For perfusionists, useful, relevant data is essential. Real-time data, with the capability to view and review events recorded at any time during a procedure, can be even more useful. Ideally, real-time perfusion systems capture, analyze, and report data—especially unexpected or abnormal parameters—back to a clinician, at or near the moment they occur in the patient’s body. In this way, valuable, life-saving alert systems can be developed.
Real-time alert systems are especially useful in clinical situations where a patient’s condition can change within seconds or minutes, such as during cardiopulmonary bypass (CPB) surgery. Other scenarios where physiologic conditions fluctuate and change rapidly include critical care and emergency units. Real-time clinical data obtained in all these areas can be used to improve the quality of care.
Additionally, this type of data adds substantial value to any patient’s electronic health record (EHR). By the same token, the EHR may be the vehicle upon which funding for real-time systems may be procured.
Real-Time, Real World
How does real-time monitoring affect the quality of care? More and more ECMO teams are using real-time patient monitoring on mobile devices to effectively deliver optimal patient outcomes. Timely alerts and automatic updates to the patient’s medical record are proven to be beneficial in the support of clinical needs as ECMO therapy requires constant supervision and vigilant safeguards for long periods of time.
The average reaction time in the group using the alerts was 3.6 seconds. The average reaction time in the control group was nearly ten times longer than the group using computer-assisted, real-time data feedback.
For continuous blood gas measurement, another study revealed blood gas levels of CPB patients in the continuous monitoring group were able to be maintained in accordance with protocol a greater percentage of the time (e.g. pCO2 management was 20% versus 2% in the control group).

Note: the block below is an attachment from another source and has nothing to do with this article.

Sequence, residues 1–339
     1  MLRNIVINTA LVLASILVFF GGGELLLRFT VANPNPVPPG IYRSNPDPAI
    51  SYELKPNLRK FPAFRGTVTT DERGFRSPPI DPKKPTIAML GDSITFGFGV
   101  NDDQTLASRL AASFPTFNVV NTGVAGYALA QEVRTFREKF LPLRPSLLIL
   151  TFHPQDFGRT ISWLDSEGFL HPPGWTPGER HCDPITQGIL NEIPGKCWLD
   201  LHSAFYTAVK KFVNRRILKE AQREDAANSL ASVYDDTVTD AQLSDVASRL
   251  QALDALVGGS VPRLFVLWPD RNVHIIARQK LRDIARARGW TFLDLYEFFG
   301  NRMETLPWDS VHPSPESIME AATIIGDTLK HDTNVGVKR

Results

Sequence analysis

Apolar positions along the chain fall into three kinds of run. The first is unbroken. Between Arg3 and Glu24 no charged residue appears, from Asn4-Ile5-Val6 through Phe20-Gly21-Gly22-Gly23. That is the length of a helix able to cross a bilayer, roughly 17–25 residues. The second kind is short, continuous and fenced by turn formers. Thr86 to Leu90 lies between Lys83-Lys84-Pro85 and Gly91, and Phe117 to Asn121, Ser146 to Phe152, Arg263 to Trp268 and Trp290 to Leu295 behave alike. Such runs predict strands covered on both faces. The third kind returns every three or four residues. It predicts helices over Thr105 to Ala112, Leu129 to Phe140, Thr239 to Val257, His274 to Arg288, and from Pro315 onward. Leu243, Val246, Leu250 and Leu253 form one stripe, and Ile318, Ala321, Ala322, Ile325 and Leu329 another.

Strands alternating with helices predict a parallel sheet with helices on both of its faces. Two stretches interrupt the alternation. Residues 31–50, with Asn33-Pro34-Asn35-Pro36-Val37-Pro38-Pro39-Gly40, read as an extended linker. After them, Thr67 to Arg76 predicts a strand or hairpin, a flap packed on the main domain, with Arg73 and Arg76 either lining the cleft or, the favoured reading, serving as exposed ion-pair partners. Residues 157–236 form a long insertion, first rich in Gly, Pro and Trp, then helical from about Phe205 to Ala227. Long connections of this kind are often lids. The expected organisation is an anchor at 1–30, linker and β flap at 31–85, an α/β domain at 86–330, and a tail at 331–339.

Electronic Health Records & Funding Real-Time Initiatives
A wide range of real-time perfusion monitoring systems exist, and they all provide interconnectivity to electronic medical (health) record (EMR or EHR) systems via WiFi, Ethernet, or other wire-based network connections. The system used in the Columbia study enables compliance alerts for parameters, such as mean arterial pressure, temperature flow, cardiac index, blood gases, saturation, Hct, PO2, and CO2.
While fidelity to electronic health records is vital in the modern age, interconnectivity can also be leveraged into funding sources.
Since 2011, the Centers for Medicare & Medicaid services established the Medicare and Medicaid EHR Incentive Programs. Stage 2 focuses “on advancing clinical processes and ensuring that the meaningful use of EHRs supports the aims and priorities of the National Quality Strategy. Stage 2 criteria encouraged the use of CEHRT for continuous quality improvement at the point of care and the exchange of information in the most structured format possible.”
In this context, real-time monitoring solutions are an attractive option to improve perfusionist performance, impact the quality of care, and modernize any health care center’s cardiopulmonary bypass-based services.
Will Real-Time Monitoring Technology be a Game Changer for Perfusion Safety? https://www.ncbi.nlm.nih.gov/pmc/articles/PMC5474898/
Real-time data acquisition and alerts may reduce reaction time and improve perfusionist performance during cardiopulmonary bypass https://journals.sagepub.com/doi/abs/10.1177/0267659114548257